In today’s golf equipment market the going trend is clearly toward more elaborate and “out there” names to try and catch the eye of the consumer in any way possible. However, there are a few stalwarts out there still dedicated to tradition and simple evolution in their product lines. One such company is Titleist. With the new year approaching, the company is bringing new irons to market, but in the same names golfers have come to know like the AP1 and AP2 irons. THP was fortunate enough to get the chance to put one of those lines, the 714 AP2’s through their paces to see if the same name meant the same performance.
For the purpose of this review THP was sent a 3-PW set of the Titleist’s new 714 AP2 irons. Because Titleist strongly believes in fitting, this set was paired with KBS Tour shafts in stiff flex.
Titleist on the 714 AP2 Irons
Precise iron play means controlling both trajectory and distance to stop your shot near the pin. Titleist AP irons are precision engineered for optimum flight and distance, with increased forgiveness to help you hit it close.
AP2 irons are multi-material forged irons that offer distance with trajectory control and forgiveness with workability in a solid feeling, great looking tour-proven chassis.
Advanced CG height progression creates higher launching long irons and flatter launching short irons for more carry distance with outstanding control. Precisely placed high density tungsten weighting in the long and mid irons produces higher MOI for consistent distance without sacrificing workability.
- Longer Flight with trajectory control. More Carry distance from higher launching, low CG long irons and thicker face, flatter launching short irons.
- Increased Playability from the dual cavity design with high density tungsten weighting.
- Consistent Speed on miss-hits from the high MOI design for better distance control.
- Solid Feel through the set from the progressive CG (lower in the long irons).
- Crisp Turf Release from the camber sole with pre-worn leading edge and beveled trailing edge.
- Tour Proven Profile with progressive weighting, face thickness and sole widths.
- Superior Appearance with a satin polish playing position with bright polish cavity highlights.
Stock Shaft Options:
- True Temper – Dynamic Gold (R300, S300, X100)
- $155 per iron (steel) / $180 per iron (graphite)
The AP2 line from Titleist has traditionally been a very classy looking iron set, iteration after iteration. Instead of making any drastic changes with the new 714 AP2’s, Titleist has taken the cavity back profile and classic chrome looks we have come to recognize and given them a few simple tweaks in both design and finish. After all, sometimes it isn’t the large changes that make or break aesthetics – it’s the subtle ones.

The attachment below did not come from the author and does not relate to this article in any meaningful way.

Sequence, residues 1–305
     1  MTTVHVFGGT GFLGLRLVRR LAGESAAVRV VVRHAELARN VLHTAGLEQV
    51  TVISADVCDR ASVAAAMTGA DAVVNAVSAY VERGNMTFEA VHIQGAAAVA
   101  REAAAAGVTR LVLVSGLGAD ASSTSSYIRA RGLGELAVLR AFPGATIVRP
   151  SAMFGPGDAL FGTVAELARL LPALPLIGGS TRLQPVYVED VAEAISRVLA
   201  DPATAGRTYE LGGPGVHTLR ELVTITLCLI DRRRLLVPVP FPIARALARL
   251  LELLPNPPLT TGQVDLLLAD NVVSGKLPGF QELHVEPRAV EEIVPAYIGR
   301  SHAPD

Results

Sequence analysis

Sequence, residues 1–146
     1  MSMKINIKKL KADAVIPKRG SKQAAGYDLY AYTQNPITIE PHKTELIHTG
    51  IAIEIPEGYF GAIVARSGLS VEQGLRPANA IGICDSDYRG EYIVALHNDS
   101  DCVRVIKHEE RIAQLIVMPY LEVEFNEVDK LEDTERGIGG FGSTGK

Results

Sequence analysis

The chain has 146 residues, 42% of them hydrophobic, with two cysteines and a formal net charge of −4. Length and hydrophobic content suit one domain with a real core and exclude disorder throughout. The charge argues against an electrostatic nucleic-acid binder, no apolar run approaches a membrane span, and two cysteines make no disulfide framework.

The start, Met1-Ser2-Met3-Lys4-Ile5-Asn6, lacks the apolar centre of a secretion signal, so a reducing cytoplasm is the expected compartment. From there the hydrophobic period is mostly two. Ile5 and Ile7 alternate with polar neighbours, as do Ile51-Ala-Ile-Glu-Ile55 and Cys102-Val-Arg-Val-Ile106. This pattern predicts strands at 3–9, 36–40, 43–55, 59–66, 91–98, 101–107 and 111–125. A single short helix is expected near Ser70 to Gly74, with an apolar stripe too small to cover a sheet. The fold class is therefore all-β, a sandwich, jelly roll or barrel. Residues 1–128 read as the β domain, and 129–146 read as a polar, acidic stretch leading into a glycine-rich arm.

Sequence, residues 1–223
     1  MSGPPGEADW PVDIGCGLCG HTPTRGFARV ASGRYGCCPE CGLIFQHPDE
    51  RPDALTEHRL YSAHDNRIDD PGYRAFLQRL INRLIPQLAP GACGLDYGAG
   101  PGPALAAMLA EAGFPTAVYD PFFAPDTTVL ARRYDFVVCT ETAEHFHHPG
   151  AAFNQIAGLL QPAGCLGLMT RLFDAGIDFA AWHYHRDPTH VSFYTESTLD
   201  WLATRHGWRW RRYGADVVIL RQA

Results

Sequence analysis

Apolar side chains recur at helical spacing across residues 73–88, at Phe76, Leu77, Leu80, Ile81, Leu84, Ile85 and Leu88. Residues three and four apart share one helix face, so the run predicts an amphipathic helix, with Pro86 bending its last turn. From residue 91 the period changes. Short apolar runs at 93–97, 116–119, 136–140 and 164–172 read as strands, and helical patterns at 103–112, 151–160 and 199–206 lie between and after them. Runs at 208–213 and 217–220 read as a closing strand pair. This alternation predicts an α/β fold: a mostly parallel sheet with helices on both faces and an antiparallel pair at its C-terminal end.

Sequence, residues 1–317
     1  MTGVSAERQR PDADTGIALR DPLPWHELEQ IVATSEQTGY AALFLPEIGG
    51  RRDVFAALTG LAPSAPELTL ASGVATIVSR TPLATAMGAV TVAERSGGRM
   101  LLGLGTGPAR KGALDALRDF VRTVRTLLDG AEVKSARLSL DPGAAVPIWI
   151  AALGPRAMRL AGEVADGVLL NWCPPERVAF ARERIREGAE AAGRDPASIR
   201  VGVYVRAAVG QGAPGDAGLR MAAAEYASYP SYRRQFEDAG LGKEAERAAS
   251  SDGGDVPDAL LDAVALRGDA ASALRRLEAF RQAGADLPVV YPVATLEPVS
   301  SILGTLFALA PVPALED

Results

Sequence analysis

From an aesthetic design standpoint the AP2 irons continue to blend qualities from both game-improvement and players irons into one singular design. The irons possess a balanced look with a more compact heel to toe length than many pocket cavity irons on the market and also maintain a marginal amount of offset and smaller topline that lower handicap golfers typically enjoy looking at. Where the 714’s separate themselves from their predecessors in this department is with a larger focus on progressive sole thickness and widths as well as overall weighting. All of these things are minor tweaks from the 712 and 710’s, but undoubtedly very calculated ones.
As far as the overall finish is concerned, these are certainly among the best looking pocket cavity irons that have ever been brought to market. The evolution to balance the traditional polished chrome look that Titleist is known for in the cavity and sole by adding in the satin chrome along the topline and face truly makes the iron demand attention in hand, in the bag, and at address. Combine that with more subtle changes like using black Titleist scroll work on a silver cavity badge like with the original AP2 in 2008 (as opposed to the silver text on black which was used on the 710 and 712 AP2’s) and the overall look manages to both stand out as traditional and different at the same time.
With the 714 AP2’s Titleist has continued their use of a multi-material head design and this has a direct correlation to their ability to progressively manipulate the center-of-gravity throughout the set. They are also combining the movement of CG with variable face thickness in order to hit what they consider to be optimal trajectory and launch characteristics. Essentially, Titleist moved the CG lower in the longer irons and paired it with a thinner face for higher launch and carry while moving the CG a bit higher in the shorter irons and pairing that with a thicker face for a flatter overall trajectory to prevent ballooning.